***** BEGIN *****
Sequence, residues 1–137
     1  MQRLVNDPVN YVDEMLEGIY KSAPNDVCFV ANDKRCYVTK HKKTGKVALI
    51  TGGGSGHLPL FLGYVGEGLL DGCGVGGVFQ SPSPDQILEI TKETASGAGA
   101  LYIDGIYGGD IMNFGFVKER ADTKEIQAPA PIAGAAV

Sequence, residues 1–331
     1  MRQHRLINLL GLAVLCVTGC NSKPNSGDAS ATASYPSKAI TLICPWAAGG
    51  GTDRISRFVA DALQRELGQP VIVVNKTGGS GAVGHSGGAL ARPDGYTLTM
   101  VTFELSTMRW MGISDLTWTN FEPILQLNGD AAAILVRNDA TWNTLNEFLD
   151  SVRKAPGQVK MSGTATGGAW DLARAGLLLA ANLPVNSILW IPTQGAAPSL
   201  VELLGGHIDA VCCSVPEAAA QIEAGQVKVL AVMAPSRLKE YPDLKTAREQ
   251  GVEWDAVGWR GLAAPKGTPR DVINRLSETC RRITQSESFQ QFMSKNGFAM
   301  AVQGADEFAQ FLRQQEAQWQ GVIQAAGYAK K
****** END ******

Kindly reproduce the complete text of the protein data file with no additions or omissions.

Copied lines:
Sequence, residues 1–137
     1  MQRLVNDPVN YVDEMLEGIY KSAPNDVCFV ANDKRCYVTK HKKTGKVALI
    51  TGGGSGHLPL FLGYVGEGLL DGCGVGGVFQ SPSPDQILEI TKETASGAGA
   101  LYIDGIYGGD IMNFGFVKER ADTKEIQAPA PIAGAAV

Sequence, residues 1–331
     1  MRQHRLINLL GLAVLCVTGC NSKPNSGDAS ATASYPSKAI TLICPWAAGG
    51  GTDRISRFVA DALQRELGQP VIVVNKTGGS GAVGHSGGAL ARPDGYTLTM
   101  VTFELSTMRW MGISDLTWTN FEPILQLNGD AAAILVRNDA TWNTLNEFLD
   151  SVRKAPGQVK MSGTATGGAW DLARAGLLLA ANLPVNSILW IPTQGAAPSL
   201  VELLGGHIDA VCCSVPEAAA QIEAGQVKVL AVMAPSRLKE YPDLKTAREQ
   251  GVEWDAVGWR GLAAPKGTPR DVINRLSETC RRITQSESFQ QFMSKNGFAM
   301  AVQGADEFAQ FLRQQEAQWQ GVIQAAGYAK K